Tune Your Surf Forecasting Skills With Twitter And Buoy Alarm

We’re stoked to announce that each and every one of the 97 buoys tracked by Buoy Alarm are now available on Twitter.

If you’re unfamiliar with Twitter, it is essentially a modern day communication service similar to text and instant messaging. It facilitates instant communication, but unlike a text or instant message (which are typically sent between two individuals), Twitter allows you to broadcast to a large number of people at once. Furthermore, each individual user controls who they are listening to, and who may listen to them, at any given moment.

Buoy Alarm posts individual buoy observations to Twitter as soon as they become available. These “tweets” include report time, dominant swell height, period, and direction. Following a buoy on Twitter is currently the best way to actively monitor its conditions because observations are immediately available and may be delivered to your desktop, laptop, or mobile phone concurrently.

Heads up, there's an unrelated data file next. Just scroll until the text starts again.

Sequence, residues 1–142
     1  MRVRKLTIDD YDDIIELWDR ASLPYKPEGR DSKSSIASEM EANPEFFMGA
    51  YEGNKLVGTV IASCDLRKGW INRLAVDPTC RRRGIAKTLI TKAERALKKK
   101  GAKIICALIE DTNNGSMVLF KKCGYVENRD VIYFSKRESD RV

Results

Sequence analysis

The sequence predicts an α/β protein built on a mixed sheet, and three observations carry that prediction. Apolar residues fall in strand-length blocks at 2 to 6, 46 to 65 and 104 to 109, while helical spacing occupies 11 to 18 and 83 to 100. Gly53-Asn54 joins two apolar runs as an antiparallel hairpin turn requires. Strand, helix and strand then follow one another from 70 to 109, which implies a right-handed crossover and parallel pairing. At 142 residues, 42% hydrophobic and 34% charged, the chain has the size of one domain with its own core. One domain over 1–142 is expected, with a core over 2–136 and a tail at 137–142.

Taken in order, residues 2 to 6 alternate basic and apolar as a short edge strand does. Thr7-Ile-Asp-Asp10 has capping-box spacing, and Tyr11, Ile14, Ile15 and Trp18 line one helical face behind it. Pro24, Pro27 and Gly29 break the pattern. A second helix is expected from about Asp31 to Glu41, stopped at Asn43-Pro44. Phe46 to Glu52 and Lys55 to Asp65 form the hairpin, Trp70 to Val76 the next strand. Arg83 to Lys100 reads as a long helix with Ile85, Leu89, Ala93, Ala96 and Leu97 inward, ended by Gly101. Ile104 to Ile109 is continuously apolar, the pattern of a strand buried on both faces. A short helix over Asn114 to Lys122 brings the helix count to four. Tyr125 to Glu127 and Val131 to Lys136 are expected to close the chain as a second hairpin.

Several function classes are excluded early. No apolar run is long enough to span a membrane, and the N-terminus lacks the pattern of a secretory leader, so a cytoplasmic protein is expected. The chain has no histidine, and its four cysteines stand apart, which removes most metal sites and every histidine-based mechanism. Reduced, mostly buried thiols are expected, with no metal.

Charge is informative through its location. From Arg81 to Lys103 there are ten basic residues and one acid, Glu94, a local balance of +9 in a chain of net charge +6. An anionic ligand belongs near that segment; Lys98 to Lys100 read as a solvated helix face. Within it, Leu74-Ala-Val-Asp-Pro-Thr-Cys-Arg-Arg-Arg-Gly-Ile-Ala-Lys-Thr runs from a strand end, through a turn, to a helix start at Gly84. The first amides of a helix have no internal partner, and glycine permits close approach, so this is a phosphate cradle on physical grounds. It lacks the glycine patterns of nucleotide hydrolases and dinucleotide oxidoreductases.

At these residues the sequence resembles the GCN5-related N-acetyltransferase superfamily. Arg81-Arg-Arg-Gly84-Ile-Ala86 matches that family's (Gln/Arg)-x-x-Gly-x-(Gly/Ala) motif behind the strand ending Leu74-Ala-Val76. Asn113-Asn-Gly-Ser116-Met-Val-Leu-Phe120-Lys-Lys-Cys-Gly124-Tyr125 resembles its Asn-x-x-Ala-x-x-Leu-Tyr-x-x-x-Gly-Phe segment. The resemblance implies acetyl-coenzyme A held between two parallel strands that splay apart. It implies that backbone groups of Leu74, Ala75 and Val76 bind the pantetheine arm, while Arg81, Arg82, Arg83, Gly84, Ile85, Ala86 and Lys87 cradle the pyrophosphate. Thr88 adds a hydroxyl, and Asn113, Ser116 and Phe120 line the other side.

Here is an example: I notice that a Northwest swell is in the forecast for Hawaii (like this Sunday evening, cheehu!), so I begin to follow the Northwest Buoy. I will now receive an update every hour from Buoy 51101 via Twitter.  I use one of the free Twitter applications to monitor conditions while on my computer, and another on my iPhone while on the go. This allows me to see when the intial forerunners arrive (spike in swell period), when the swell peaks (maximum swell height), and when it begins to fade (both period and height taper off). Once the swell concludes, if there are no others in the forecast, I’ll unfollow the buoy on Twitter, thereby ceasing report delivery.

The beauty of this is you can be at a surf spot, watching the actual local surf conditions, and refer to the buoy’s historical readings via Twitter.  This allows you to tune your own surf spot’s reaction to a swell, and further your own forecasting abilities. If you’re diligent, you’ll soon begin to recognize that magical combination of swell height, period and direction that creates epic conditions at your local surf break.